Some people fantasize about the perfect lawn. They dream about push mowers, perk up at the smell of fresh-cut grass and tune into The Golf Channel just to see the landscaping. But perhaps you don't live for yard work. Maybe you're a new homeowner staring out the window at a front-yard jungle. The time has certainly come to mow the lawn. How exactly do you pull that off?
Our love affair with a fresh-cut lawn is a relatively new development. For much of history, people remained preoccupied with avoiding starvation and plague. Foot traffic and grazing domestic animals kept the area cleared directly around a home, but the rest of the property was often used for gardening or left for wild plant life. In much of the world, this is still very much the case.
But in the Western world, a well-kept yard has become the rave. The invention of the manual reel mower in 1830 made it possible for regular people to emulate the elegant grounds they saw surrounding palaces and mansions. Today, lawns in the United States alone cover a total of 25 million acres of land [source: EPA].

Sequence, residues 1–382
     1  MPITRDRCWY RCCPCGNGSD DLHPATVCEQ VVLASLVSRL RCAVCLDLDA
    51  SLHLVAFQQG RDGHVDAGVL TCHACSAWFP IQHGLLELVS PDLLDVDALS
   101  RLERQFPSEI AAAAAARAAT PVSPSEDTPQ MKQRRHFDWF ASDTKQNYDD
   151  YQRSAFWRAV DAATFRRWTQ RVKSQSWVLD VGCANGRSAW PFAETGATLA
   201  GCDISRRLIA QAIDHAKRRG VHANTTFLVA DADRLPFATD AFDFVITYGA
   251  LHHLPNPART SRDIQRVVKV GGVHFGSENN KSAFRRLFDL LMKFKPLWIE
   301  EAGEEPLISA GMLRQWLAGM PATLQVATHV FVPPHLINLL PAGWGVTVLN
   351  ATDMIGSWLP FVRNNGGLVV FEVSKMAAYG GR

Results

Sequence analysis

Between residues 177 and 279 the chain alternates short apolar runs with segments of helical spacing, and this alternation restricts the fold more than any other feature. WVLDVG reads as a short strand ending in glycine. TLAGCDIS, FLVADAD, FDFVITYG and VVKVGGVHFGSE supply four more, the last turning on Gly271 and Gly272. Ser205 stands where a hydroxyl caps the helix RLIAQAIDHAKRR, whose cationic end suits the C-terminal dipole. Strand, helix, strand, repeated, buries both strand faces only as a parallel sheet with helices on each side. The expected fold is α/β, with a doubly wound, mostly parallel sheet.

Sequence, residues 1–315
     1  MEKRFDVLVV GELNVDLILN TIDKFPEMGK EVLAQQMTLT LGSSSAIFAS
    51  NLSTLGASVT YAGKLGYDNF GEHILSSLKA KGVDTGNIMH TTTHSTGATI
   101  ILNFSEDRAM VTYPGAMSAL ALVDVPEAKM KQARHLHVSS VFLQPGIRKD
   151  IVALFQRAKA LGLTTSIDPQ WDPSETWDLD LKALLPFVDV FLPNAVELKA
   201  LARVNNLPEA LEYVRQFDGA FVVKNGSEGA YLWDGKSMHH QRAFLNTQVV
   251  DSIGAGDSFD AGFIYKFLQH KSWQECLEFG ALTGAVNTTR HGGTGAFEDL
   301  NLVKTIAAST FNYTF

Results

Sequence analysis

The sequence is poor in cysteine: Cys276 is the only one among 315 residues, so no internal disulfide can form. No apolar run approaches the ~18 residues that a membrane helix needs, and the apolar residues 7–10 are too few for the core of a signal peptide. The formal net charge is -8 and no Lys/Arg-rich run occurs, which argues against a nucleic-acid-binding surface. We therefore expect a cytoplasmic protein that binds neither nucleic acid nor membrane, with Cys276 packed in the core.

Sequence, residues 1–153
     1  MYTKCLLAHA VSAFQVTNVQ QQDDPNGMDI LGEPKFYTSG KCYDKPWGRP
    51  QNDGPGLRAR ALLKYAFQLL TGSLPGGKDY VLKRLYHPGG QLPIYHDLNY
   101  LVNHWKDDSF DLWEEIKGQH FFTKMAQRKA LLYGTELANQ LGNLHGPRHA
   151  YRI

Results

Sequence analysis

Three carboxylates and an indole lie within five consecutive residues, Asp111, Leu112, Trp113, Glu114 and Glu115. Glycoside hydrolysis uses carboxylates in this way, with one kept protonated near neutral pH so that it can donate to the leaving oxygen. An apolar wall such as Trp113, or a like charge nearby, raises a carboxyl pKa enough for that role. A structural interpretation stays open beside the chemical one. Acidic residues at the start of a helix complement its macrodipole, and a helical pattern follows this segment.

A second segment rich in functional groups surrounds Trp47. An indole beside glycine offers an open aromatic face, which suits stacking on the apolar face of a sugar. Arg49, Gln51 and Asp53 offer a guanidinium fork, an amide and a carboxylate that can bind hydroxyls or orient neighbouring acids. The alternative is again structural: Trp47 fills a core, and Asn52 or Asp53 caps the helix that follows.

A nice yard does far more than just add curb appeal. A healthy lawn helps prevent erosion and nutrient runoff while also filtering the air and producing oxygen.
In this article, we'll look at how to go about mowing your lawn in a way that's safe and healthy for both you and the grass.
Basic Lawn Care